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Inspiring Success on the Road to Recovery

Monday, December 5, 2016

Another Layer of Denial: Children

By Debra Alessandra


As a group facilitator in a local treatment center and a person with long-term recovery, one of the saddest and most concerning things I hear from clients and members of the recovering community sounds something like this. “Well, at least the kids weren’t really affected.”

Perhaps it’s a way to avoid an uncomfortable discussion. More often, however, the motivation is less obvious. The lack of knowledge of a starting point is a major block. For if we don’t know where or how to begin, we do nothing.

When it comes to families, many parents of young children rationalize and opt to do nothing. They hope the pain they caused will disappear without effort on their part other than staying clean and sober. They don’t know how to begin, yet they must. Harmony doesn’t come from one instrument alone.

Somewhere deep in the mind of a person with addiction, an ‘off-switch’ keeps them from fully accepting this unpleasant truth. Yet this is a truth that must be addressed to heal. Whether it is overt or covert, the fact remains: Your children have been impacted by the disease of addiction. The ramifications are critical and can extend into adulthood.

Imagine how much better recovery would be it could be if the entire family were involved? All instruments playing in harmony. And yes, the entire family includes children. Not only teen aged children, but younger children as well.

Sometimes quickly, sometimes slowly, I have witnessed parents come to the realization and recognition of the impact of their addiction had on their children. Not only do they recognize the damage, but they make attempts to remedy the situation.

Children: Worth the focus

My mission is to help families navigate the path of recovery together. I believe we must be willing to go the extra distance and try to meet their needs.
I understand the challenge of opening a conversation about recovery with children. Many recovering parents ask, “What is a good starting point? How much can they understand? Is it really necessary?”  They often justify, “Isn’t my changed behavior enough?” As you can see, strength and courage on your part are required.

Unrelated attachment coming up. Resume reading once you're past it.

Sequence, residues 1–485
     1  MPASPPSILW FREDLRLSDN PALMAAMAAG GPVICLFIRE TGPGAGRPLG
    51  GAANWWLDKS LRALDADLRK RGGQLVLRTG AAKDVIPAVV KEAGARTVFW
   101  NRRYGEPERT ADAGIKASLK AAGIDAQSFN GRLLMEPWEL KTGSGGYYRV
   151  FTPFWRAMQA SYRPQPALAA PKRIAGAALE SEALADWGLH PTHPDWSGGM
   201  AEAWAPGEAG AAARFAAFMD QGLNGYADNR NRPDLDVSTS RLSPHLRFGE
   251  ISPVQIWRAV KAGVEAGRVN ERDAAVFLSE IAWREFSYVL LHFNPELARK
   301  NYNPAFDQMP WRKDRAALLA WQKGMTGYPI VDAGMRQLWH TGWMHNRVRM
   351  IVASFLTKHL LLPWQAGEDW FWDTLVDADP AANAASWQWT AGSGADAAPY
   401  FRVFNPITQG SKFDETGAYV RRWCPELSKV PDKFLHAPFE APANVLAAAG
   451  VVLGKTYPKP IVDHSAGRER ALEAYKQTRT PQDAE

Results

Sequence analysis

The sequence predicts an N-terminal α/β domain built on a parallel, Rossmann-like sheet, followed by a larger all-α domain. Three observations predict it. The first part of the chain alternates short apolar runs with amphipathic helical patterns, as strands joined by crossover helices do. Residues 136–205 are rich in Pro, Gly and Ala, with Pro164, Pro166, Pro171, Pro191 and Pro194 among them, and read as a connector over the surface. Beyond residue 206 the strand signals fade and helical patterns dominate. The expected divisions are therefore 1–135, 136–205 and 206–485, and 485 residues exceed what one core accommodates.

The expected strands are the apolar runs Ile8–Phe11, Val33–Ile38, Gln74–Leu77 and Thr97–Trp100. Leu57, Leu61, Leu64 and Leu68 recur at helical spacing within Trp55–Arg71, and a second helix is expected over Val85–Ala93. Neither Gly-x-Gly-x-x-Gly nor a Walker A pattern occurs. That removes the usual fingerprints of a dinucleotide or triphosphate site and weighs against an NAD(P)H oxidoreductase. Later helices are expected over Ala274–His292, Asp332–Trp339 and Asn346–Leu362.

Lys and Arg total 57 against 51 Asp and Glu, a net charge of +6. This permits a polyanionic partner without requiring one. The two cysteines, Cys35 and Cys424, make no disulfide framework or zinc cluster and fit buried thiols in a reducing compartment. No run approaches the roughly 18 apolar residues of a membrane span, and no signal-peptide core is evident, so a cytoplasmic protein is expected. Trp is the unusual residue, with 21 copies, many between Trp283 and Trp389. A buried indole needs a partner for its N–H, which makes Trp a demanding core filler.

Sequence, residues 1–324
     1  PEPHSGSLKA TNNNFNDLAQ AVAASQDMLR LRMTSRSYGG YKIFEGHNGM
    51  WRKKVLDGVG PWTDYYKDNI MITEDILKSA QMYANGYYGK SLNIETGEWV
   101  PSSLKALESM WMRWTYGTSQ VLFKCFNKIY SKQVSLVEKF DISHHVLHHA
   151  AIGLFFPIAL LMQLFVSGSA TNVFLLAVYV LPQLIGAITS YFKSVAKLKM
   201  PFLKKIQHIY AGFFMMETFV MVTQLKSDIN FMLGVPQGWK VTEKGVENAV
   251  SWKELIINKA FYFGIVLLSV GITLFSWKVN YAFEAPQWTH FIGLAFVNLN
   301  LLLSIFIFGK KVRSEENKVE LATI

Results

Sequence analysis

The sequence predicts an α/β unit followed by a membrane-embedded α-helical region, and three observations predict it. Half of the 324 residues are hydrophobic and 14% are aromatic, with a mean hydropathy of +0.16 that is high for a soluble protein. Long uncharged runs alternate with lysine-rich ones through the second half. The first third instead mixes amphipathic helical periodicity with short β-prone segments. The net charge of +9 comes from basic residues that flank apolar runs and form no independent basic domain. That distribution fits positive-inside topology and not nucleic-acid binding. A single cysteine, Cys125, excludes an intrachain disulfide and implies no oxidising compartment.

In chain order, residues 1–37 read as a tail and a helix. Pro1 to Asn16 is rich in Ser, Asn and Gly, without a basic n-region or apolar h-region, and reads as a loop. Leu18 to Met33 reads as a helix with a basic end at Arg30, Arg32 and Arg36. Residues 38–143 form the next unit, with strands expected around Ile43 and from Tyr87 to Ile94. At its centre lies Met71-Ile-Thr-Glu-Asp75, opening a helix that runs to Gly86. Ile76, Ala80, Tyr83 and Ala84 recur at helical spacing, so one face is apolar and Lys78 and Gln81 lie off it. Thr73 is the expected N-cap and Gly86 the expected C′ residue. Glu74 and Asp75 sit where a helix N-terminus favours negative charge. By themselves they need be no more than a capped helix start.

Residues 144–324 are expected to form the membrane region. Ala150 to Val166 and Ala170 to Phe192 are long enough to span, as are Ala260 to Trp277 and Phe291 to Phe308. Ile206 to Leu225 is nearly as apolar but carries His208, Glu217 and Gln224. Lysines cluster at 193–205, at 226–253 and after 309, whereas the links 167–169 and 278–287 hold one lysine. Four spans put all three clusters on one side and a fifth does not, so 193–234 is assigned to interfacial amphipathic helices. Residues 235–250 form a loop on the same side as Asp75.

12 Steps 12 Stories offers a way to approach the steps of recovery at a level children can grasp. It helps children feel comforted, valued, and included.

Comforted

Children may struggle to make sense of the changes in the home. Even good changes are stressful. Frequent small, but meaningful conversations can soothe children and alleviate their confusion. When children have some basic understanding, they feel more comfortable.They adjust to the new ‘normal’ with greater ease.

Valued

When you acknowledge their needs in this area, you can share one of the most precious resources you have: time. Children know they are valued if you devote time to their emotional needs. Taking time to offer age-appropriate explanations can go a long way in assuring your children of their value to you.

Included

All children need information. This helps them feel included. Stories can encourage them to talk openly and honestly about their feelings and concerns. When they can identify with the characters, they are more likely to want to have a conversation. Introducing the 12 key concepts in a recovery based lifestyle will broaden the depth of family healing. Short and simple spiritual messages can be easily shared. Follow-up questions and talking points further the conversation.

The End Results

Perhaps the culture of drug and alcohol abuse and addiction can change if children have a working knowledge of the 12 steps of recovery.  After all, children who are informed can and do make better choices.

It is my deepest wish that children empowered by knowledge of the 12 step recovery progress may benefit now and for years to come.

Let’s shape a generation of spiritually knowledgeable children and share the hope and joy of recovery with children.


Debra Alessandra spent over 30 years as an educator, Prevention Specialist, and Drug and Alcohol Counselor. She holds a BA in Sociology and Elementary Education. Having witnessed the harmful effects of alcoholism and substance abuse on all members of the family, Debra carefully crafted a unique set of 12 stories to build bridges of understanding for children and families. Visit www.12steps12stories.com and on facebook.com/12Steps12Stories.